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their city, and their country; nor has there been any Sion, to which their King might come. Jerufalem would not rejoice, on the day when the prophet had enjoined her to rejoice; and therefore fhe hath had cause to mourn, from that day to this. The rulers of Sion were vexed and chagrined at beholding a scene, which fhould have excited them to fhout aloud for joy. The difciples, indeed, exulted, and fang Hofanna to the Son of David. Could Meffiah enter his capital, unacknowledged? That was impoffible. Had men been filent upon this occafion, the buildings and pavements of the city must have supplied the defect, and borne their attestation to the promised and long expected King of Ifrael. "I tell you," replied our Lord to the Pharifees, who defired him to rebuke his difciples, "I tell you, that if these should hold their peace, the ftones would immediately cry out.

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That we may perceive the full force and beauty of the prophecy before us, it will be neceffary to thew its connection with the preceding part of the chapter, wherein it stands.

In this ix. chapter of his prophecy, Zechariah denounceth fome of the divine judgments, which were executed by that scourge of heaven, Alexander the Great, when he over-ran Syria, took Damafcus, burnt Tyre, destroyed Gaza, and, in imitation of his favourite hero, dragged the governor thereof at his chariot wheels. "The burden of the word of the Lord in the land of Hadrach, and Damafcus fhall be the reft thereof-And Hamath alfo fhall border thereby, Tyrus and Sidon though it be very wife. And Tyrus did build herself a strong hold, and heaped up filver as the dust, and fine gold as the mire of the streets. Behold, the Lord will cast her out, and he will smite her power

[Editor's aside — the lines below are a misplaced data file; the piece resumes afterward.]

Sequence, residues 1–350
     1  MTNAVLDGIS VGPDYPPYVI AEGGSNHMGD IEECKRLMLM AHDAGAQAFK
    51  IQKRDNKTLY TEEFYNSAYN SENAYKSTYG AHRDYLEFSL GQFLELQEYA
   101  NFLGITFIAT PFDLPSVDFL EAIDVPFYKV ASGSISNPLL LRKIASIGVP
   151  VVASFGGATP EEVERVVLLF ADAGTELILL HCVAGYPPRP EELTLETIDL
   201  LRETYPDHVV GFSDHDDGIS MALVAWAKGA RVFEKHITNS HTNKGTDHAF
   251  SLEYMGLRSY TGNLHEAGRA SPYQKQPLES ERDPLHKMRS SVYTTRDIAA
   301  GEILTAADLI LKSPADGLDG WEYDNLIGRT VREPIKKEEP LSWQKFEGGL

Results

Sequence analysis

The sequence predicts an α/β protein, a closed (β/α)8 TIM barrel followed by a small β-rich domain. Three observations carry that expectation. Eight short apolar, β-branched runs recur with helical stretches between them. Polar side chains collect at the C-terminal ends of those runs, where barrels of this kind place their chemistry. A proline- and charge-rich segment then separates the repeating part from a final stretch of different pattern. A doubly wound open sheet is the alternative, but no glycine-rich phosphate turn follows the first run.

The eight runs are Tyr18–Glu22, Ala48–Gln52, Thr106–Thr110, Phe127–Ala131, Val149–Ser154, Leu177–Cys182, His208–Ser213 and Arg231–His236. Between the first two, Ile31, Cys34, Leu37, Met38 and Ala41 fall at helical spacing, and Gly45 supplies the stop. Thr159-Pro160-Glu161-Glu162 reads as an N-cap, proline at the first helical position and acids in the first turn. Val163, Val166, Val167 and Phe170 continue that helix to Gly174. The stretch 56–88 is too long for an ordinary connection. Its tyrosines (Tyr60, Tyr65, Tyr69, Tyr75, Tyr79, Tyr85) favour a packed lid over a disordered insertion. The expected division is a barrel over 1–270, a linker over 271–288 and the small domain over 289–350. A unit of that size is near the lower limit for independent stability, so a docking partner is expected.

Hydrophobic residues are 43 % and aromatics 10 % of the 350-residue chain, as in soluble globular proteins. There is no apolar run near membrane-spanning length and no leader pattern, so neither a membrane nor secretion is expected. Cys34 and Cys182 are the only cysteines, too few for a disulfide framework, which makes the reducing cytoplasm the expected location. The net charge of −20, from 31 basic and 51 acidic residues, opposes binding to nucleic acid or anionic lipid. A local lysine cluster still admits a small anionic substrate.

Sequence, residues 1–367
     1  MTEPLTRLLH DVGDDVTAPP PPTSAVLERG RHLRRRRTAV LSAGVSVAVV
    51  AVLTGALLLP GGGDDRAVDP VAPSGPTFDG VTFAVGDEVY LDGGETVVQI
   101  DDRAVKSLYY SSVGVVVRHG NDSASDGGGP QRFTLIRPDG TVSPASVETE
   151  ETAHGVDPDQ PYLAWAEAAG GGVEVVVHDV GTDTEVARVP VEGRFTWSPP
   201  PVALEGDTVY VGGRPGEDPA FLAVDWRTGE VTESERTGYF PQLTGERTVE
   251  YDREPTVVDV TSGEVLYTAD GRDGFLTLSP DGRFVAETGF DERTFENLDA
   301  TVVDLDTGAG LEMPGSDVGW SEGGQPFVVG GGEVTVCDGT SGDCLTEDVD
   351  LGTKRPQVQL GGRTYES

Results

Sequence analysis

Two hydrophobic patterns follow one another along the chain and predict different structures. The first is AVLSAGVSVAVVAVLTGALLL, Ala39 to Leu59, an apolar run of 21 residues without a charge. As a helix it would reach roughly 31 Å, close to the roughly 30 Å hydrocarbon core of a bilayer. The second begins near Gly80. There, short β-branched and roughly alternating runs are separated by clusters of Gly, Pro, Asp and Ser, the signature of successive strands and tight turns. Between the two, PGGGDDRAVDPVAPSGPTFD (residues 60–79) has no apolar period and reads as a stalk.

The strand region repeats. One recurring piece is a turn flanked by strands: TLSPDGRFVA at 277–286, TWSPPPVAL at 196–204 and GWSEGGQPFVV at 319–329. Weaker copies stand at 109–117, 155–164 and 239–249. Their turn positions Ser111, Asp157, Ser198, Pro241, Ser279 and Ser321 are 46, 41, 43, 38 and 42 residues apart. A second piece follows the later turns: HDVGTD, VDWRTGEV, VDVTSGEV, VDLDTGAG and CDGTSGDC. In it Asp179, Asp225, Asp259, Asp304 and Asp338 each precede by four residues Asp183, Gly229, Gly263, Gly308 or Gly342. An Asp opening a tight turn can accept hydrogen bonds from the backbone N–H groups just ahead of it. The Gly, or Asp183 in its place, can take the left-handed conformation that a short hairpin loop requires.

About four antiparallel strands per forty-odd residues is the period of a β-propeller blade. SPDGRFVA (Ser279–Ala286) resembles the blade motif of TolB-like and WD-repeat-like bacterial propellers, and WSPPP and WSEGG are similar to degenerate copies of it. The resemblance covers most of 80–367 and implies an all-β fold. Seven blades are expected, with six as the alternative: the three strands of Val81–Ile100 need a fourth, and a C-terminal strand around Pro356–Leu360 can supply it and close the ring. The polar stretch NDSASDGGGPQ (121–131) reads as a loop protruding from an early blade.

in the fea, and fhe fhall be devoured with fire. Askelon shall see it and fear; Gaza also shall see it, and shall be very forrowful, and Ekron: for her expectation shall be afhamed, and the king shall perish from Gaza, and Afkelon fhall not be inhabited." The prophet next foretelleth the mixture and incorporation of the Philiftines, when thus humbled by Alexander, with their old enemies the Jews. "And a bastard," or, an alien generation, (λhosveis, fay the LXX)" fhall dwell in Afhdod; and I will cut off the pride of the Philistines; and I will take away his blood out of his mouth, and his abominations from between his teeth; but he that remaineth, even he fhall be far our God, and he fhall be as a governor in Judah and Ekron as a Jebufite." Amidft these revolutions and alterations of affairs in the world, God promiseth, in the next verfe, to preserve his temple, while fo many caftles and strong holds about Jerufalem were overturned, fo many cities fwept of their inhabitants by the befom of destruction. "And I will encamp about mine house, becaufe of the army, because of him that paffeth by, and because of him that returneth: and no oppreffor fhall pass through them any more; for now have I seen with mine eyes." Then followeth the prophecy in my text-Rejoice greatly, O daughter of Sion; fhout, O daughter of Jerufalem; behold, thy King cometh unto thee; he is just and having falvation, lowly, and riding upon an ass, and a colt the fole of an ass. And I will cut off the chariot from Ephraim, and the horse from Jerufalem, and the battle bow fhall be cut off; and he fhall speak peace unto the heathen: and his dominion shall be from sea even unto sea, and from the river to the ends of the earth." As if the pro- : phet had spoken in more words to Jerufalem thus"Thine